Dispatches from Bhopal
The Bhopal book fair was a melody of books, conversations, pictures and poetry
'Murder at Moonlight Café' by Ishavasyam Das, 'Bhopal Nama: writing a city' by Vertul Singh, 'When I Met Myself' by Shreyans Dixit, 'Pre Independence India: memories' edited by Subodh and Sfoorti Mathur, '3 S and Our Health' by Raghuraj Rajendran and 'Millennial Tales' by the twelve-year-old twins Bhavya and Navya Singh were launched by the Doon educated, youngest Minister in India, Jaywardan Singh in the Valedictory session of the three day festival of literature and the arts. There were intense discussions on books, conversations on issues as varied as the future of work to the census of tigers, lectures on Yoga and Madhubani paintings and yes, poetry recitation which threw light on the dilemma of existence, besides an exhibition of photographs from the Wild by India's best lensmen, the Bedi brothers, Rajesh and Naresh.
Let me share with my readers, snippets from the sessions that I was able to attend, for as is the case with most festivals, one has to pick and chose from parallel offerings. What it also teaches you is that a good life is one in which you have to make a conscious choice from a variety of options, all almost equally tempting. Well, the first was a session on the North East by Gill, an extremely sensitive account of an intricate story of the interplay of ethnicity, identity, development, migration and the quest for survival. Those of us who are well ensconced in their zones of comfort will perhaps find it difficult to understand or appreciate what it means to live in a place you do not/cannot belong. And the sense of belonging is not the same thing as a legal entitlement. It's about being accepted and offering acceptance.
Next was a conversation with India's best-selling fiction writer, Ashwin Sanghi, who shared the technique of writing a best seller. "It is best to treat novel writing as a project and if all the characters, with their characteristics, interface and events are marked out clearly on an excel spreadsheet with clear timelines, it becomes easier to put the ideas in words," he said. Explaining the difference between mythology and history in terms of Purana and Itihasa, he also pointed out that history is "a version of events". A thriller involves both 'surprise' and 'suspense' and 'Little Red Riding Hood' had both. While discussing the 'Rozabal Line' ( based on the belief that Christ was buried in Kashmir), he made the point that Abrahamic and Indic religions are not inseparable poles. Abraham and Sara from the Old Testament are phonetically not very far apart from the Puranic legends of Brahma and Saraswati!
Your columnist was a discussant in the session on the future of the IAS based on Deepak Gupta's book 'The Steel Frame: History of the IAS'. The consensus was that while nothing can be certain in an uncertain world, the challenge for organisations and institutions was to be 'future-ready' and in this context, the focus of training was more on building positive attitudes, teamwork, communication skills, negotiations and leadership, plus of course, empathy for those at the margins. Gupta was forthright and categorical in his view that the age and number of attempts should be reduced and induction from the State service to the IAS should be on the basis of a competitive exam conducted by the UPSC.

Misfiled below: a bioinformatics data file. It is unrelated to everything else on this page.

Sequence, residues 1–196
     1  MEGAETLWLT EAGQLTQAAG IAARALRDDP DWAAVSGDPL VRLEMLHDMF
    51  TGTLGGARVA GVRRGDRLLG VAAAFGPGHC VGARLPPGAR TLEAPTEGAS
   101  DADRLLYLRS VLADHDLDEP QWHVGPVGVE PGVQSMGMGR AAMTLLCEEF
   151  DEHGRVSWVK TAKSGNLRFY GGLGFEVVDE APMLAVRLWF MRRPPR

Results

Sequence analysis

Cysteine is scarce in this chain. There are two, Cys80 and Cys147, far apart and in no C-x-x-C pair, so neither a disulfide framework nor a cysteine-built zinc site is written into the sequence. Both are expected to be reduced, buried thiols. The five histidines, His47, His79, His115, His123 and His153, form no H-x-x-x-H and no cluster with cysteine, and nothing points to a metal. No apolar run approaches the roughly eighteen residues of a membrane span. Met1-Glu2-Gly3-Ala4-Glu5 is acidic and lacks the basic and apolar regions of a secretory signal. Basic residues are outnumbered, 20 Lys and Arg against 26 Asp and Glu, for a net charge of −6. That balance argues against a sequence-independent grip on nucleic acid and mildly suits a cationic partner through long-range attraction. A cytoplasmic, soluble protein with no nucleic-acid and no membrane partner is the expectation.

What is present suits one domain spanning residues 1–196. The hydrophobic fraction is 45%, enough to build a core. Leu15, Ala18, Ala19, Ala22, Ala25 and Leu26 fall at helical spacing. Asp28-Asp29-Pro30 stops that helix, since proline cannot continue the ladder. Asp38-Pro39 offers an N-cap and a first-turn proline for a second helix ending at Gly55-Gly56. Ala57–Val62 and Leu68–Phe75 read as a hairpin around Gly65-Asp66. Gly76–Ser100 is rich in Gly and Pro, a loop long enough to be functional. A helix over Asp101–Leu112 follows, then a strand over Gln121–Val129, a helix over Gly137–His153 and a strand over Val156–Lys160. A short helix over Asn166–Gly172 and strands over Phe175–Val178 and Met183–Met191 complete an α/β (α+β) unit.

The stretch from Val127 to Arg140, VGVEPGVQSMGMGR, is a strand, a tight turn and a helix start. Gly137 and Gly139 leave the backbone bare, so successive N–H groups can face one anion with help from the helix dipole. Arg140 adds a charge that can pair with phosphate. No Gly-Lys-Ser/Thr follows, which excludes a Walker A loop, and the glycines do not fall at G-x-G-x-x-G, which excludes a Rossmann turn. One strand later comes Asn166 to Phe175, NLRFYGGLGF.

AK Bhattacharya's book, 'The Rise of Goliath' talks of the twelve disruptions that have changed India and that demonetisation and GST are certainly not the first of such disruptions. India has been able to withstand many of these, starting with the Partition, nationalisation of SBI and Air India, transition from PL 480 to Green Revolution, the dismemberment of Pakistan, oil crisis, nuclear explosion, Mandal Commission, Babri Masjid, etc., all of which have affected our polity but the country has shown remarkable resilience in bouncing back. This was followed by Shiv Shankar Menon's conversation with Pradip Baijal and Amar Sinha on the making of India's foreign policy. Menon made the point that India and China had both understood each other's point of view and have shown great sagacity in keeping economic co-operation and political accord in different boxes, which meant that while the two (nations) may never go to war, they would also never be good friends. Baijal's view is, of course, different for he has documented China's success in encircling India.
In Raghav Chandra's 'Kali's Daughter', the protagonist, Deepika Thakore is an exceptionally bright and talented Dalit civil servant who opts for the Foreign Service, bearing caste-based slurs with stoicism and emerging as a professional diplomat even as she faces the harsh and brutal discrimination of the entrenched social classes which are caught in a time- warp. For the Acharyas, life is all about perks and postings, signature addresses and matrimonial connects. The best part of the book is its vivid description of the life of an officer trainee during the foundation course at the LBSNAA and also that even in this elite institution which attracts the 'best and the brightest', there are subtle identity markers which may not leave a physical mark but can leave deep psychological scars. The Economist has already listed it as one of the most important books to understand the contemporary Indian reality and Chandra follows the tradition of Mulk Raj Anand who wrote his famous trilogy on 'The Untouchable, The Coolie and Two Leaves and a Bud' to describe the situation in the decade preceding our independence. Eighty years on so much has changed and yet not changed!
Dr Sanjeev Chopra is the Director of LBSNAA and Honorary Curator, Valley of Words: Literature and Arts Festival, Dehradun. Views expressed are strictly personal